Warner Bros. has issued a statement asking for forgiveness from the disability community following backlash which trailed the depiction of certain characters in its newly released Fantasy/Comedy drama The Witches.
“We the filmmakers and Warner Bros. Pictures are deeply saddened to learn that our depiction of the fictional characters in The Witches could upset people with disabilities, and regret any offense caused,” a Warner Bros. spokesperson told E! News. “In adapting the original story, we worked with designers and artists to come up with a new interpretation of the cat-like claws that are described in the book. It was never the intention for viewers to feel that the fantastical, non-human creatures were meant to represent them. This film is about the power of kindness and friendship. It is our hope that families and children can enjoy the film and embrace this empowering, love-filled theme.”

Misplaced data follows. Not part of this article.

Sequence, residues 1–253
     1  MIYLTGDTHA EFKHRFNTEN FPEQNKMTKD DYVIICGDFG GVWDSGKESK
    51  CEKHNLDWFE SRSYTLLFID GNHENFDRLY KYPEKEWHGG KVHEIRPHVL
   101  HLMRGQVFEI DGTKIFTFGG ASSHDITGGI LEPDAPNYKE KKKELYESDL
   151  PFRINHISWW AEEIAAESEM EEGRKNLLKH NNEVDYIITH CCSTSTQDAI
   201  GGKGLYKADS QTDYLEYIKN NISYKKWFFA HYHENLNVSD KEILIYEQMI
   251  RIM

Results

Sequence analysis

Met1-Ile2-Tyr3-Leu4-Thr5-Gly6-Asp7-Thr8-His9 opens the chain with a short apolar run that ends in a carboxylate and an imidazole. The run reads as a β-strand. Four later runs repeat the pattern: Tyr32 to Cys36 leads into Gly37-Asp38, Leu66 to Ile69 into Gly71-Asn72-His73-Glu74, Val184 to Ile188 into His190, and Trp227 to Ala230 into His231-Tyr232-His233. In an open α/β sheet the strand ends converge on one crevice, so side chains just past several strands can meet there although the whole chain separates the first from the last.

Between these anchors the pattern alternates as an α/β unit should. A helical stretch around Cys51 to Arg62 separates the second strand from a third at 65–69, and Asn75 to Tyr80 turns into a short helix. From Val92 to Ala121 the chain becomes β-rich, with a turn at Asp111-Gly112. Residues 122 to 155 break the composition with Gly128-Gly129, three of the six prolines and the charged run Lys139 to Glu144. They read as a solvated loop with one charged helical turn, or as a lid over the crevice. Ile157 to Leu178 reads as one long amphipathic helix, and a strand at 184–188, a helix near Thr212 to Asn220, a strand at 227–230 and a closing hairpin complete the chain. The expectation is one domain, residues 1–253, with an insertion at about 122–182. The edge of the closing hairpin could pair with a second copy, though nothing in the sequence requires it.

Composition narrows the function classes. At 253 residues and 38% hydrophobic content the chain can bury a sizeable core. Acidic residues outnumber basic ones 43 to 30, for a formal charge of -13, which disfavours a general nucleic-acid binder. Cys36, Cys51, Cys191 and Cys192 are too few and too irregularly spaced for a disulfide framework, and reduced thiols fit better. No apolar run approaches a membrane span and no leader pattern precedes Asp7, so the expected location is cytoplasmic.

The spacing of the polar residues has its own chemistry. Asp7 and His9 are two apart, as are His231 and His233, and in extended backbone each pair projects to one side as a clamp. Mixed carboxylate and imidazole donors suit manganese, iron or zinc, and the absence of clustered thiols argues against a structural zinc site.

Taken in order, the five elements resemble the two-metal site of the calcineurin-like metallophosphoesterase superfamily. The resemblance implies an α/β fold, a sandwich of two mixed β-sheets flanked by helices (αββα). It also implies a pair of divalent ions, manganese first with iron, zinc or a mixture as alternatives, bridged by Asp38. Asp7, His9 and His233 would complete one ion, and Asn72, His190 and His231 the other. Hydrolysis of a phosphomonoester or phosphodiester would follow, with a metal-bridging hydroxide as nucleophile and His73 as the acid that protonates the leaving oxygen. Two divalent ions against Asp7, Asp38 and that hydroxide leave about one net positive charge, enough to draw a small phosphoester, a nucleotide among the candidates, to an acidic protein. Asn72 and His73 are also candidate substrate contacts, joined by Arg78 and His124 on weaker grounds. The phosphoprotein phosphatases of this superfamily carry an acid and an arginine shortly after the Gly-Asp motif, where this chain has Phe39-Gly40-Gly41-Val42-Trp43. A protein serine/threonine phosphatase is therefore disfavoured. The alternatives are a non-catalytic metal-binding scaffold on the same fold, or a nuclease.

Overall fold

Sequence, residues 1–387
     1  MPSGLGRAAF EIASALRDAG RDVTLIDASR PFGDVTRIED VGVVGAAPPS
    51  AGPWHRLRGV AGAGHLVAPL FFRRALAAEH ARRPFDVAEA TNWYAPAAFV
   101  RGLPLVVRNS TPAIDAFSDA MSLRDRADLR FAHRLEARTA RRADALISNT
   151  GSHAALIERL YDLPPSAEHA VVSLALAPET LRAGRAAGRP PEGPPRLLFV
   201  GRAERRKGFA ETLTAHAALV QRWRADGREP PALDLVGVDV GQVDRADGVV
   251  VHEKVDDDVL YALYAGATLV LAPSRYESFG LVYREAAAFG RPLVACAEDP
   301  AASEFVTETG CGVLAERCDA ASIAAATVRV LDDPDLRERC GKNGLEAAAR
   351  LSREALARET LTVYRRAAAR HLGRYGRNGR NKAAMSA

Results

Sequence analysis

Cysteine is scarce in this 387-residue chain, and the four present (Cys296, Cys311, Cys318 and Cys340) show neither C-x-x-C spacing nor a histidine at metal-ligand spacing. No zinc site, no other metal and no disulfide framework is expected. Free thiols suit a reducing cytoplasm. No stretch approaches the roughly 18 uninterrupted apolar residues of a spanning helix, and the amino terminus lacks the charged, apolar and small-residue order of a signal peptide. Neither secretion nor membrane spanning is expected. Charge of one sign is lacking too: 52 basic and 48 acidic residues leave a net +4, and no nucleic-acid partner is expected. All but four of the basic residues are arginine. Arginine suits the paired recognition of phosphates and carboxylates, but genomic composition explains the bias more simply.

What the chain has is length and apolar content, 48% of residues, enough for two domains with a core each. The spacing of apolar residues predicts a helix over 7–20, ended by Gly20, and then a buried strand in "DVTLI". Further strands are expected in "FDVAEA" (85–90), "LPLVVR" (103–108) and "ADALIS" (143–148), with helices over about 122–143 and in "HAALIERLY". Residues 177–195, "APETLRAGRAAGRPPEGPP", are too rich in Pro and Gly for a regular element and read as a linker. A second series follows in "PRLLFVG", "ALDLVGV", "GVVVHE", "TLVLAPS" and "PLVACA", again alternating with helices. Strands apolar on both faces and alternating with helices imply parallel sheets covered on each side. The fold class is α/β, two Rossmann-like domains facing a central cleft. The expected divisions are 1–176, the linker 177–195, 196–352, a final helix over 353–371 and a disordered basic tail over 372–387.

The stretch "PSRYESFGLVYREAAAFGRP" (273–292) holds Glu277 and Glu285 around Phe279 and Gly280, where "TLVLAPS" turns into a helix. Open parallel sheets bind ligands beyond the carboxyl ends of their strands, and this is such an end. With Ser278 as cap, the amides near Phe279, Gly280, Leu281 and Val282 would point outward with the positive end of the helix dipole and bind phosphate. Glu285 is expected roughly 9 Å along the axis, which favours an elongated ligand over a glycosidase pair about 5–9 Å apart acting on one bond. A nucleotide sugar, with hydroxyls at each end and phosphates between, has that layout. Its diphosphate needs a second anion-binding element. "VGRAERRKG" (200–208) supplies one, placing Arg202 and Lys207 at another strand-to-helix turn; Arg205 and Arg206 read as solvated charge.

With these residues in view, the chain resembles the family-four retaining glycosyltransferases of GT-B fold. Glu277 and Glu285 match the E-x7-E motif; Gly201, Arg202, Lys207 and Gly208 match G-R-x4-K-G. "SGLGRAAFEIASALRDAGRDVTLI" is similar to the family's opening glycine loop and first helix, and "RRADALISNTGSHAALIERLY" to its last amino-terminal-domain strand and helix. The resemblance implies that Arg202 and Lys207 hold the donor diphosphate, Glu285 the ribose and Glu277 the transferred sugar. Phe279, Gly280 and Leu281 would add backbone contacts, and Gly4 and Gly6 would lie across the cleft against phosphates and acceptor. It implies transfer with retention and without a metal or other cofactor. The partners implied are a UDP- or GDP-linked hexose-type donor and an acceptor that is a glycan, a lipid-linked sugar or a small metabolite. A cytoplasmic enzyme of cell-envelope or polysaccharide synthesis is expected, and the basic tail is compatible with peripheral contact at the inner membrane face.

The company has been heavily slammed for its use of physical impairments in the characters’ hands and feet, which lead to some viewers expressing concern that the movie negatively portrays limb differences and could perpetuate stereotypes, the site reports.
In a trailer, viewers are told “how to spot a witch” and point to characteristics such as “claws” or an absence of toes.
After the release, social media users called out the studio with the hashtag #NotAWitch, amongst who is Amy Marren, a 22-year-old swimmer who won a bronze medal at the 2016 Paralympic Games.
“@WarnerBrosUK was there much thought given as to how this representation of limb differences would effect [sic] the limb difference community?!” she tweeted on Nov. 2. “@ReachCharity @RoaldFull.”
She later added, “Please educate yourself on #LimbDifferences and the support the idea that you are #NotAWitch because you look different! You can also actively support the limb difference community by using words that describe us as PEOPLE, as it’s not the difference that defines us.”